Date of Award
Master of Public Health (MPH)
Dr. Sheryl Strasser - Committee Chair
Dr. Danjun Dai - Committee Member
John Steward - Committee Member
Pedestrian injuries and fatalities due to motor vehicle crashes are a significant public health concern, and the urban campus of Georgia State University poses unique challenges to pedestrian safety issues. Previous studies of the built environment have link several features to increased pedestrian crash occurrences. Once identified, these features can be modified to create a healthier environment for pedestrians. This study examines the relationship between specific features of the built environment and pedestrian crash events. Environmental audits were conducted to collect information about the built environment around Georgia State campus, and pedestrian crash data was obtained from GDOT. Geographic Information Systems (GIS) was used to create a visual representation of this data in order to establish spatial relationships between the built environment and pedestrian crash events. Results show both positive and negative correlations between certain built environment features and pedestrian crashes. GIS was established as a useful tool for evaluating the spatial distribution and relationship between the built environment and pedestrian injury within a localized area, and provides a springboard for future research that seeks to study this association on a larger scale.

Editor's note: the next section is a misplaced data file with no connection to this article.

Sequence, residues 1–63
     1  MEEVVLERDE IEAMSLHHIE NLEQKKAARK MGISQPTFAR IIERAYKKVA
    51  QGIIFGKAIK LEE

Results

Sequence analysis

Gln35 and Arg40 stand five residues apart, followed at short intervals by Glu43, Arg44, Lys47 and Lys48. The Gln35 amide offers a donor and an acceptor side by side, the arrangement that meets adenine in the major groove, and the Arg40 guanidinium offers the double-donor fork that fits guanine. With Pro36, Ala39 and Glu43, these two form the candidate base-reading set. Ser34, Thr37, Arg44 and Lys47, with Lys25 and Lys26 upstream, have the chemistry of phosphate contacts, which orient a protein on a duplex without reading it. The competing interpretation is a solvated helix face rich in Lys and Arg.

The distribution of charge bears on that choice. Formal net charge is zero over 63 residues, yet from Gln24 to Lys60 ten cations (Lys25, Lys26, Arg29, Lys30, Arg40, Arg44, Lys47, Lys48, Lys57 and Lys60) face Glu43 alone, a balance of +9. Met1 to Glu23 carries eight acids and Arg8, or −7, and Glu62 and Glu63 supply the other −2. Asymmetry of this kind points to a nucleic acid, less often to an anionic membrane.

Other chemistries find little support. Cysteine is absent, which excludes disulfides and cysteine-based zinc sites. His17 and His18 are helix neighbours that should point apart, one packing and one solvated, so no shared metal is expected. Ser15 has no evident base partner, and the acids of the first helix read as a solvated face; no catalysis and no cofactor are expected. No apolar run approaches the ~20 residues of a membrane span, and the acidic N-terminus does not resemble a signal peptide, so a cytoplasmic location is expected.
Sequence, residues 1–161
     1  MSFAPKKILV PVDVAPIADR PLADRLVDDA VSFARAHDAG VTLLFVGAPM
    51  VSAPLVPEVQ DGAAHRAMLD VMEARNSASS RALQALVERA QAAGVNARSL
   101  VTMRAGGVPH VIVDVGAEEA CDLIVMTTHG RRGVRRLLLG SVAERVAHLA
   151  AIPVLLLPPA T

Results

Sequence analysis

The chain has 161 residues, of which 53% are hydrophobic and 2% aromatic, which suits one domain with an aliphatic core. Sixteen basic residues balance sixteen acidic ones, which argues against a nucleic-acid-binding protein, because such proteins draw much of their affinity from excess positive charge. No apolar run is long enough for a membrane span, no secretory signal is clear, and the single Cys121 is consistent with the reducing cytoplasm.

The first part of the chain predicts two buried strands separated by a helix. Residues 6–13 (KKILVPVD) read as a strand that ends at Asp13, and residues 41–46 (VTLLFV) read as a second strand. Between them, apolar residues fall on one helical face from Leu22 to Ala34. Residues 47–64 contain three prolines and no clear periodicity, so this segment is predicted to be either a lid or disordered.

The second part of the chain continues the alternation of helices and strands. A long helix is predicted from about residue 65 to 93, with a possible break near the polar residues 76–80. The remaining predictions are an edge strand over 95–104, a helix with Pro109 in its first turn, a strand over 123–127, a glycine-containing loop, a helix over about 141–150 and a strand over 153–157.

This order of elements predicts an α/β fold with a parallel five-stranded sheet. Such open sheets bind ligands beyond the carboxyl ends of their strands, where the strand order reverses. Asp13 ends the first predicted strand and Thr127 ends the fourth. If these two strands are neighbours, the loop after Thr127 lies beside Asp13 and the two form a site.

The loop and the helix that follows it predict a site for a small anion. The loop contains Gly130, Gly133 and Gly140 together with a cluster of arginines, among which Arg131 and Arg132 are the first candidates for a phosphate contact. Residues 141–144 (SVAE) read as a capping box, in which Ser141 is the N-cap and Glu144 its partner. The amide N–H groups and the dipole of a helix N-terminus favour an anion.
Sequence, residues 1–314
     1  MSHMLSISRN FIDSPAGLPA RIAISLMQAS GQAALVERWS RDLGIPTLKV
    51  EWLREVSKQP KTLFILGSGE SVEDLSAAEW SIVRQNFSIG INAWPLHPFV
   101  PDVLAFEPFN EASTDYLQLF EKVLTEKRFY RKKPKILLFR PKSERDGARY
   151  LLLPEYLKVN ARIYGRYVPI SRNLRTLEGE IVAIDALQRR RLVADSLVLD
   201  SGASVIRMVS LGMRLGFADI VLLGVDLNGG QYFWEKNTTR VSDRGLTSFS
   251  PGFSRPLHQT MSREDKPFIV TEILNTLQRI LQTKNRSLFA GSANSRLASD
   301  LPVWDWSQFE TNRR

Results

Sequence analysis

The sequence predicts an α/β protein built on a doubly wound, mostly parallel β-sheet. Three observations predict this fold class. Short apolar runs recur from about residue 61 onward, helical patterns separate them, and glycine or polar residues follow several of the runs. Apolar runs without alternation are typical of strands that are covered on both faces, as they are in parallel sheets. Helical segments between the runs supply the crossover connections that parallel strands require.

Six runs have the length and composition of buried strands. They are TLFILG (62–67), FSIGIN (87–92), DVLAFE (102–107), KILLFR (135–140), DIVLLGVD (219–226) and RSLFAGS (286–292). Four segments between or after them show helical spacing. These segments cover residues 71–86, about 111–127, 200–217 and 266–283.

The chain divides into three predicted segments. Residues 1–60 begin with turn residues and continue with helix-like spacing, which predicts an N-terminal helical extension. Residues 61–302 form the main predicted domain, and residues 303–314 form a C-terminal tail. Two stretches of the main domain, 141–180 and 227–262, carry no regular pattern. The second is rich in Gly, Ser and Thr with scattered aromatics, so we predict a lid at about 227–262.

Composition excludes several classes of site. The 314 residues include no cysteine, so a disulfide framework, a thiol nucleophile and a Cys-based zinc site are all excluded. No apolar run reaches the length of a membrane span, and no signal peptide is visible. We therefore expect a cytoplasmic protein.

Taquechel, Emily Palmer, "A Spatial Analysis of the Relationship between Pedestrian Crash Events and Features of the Built Environment in Downtown Atlanta." Thesis, Georgia State University, 2009.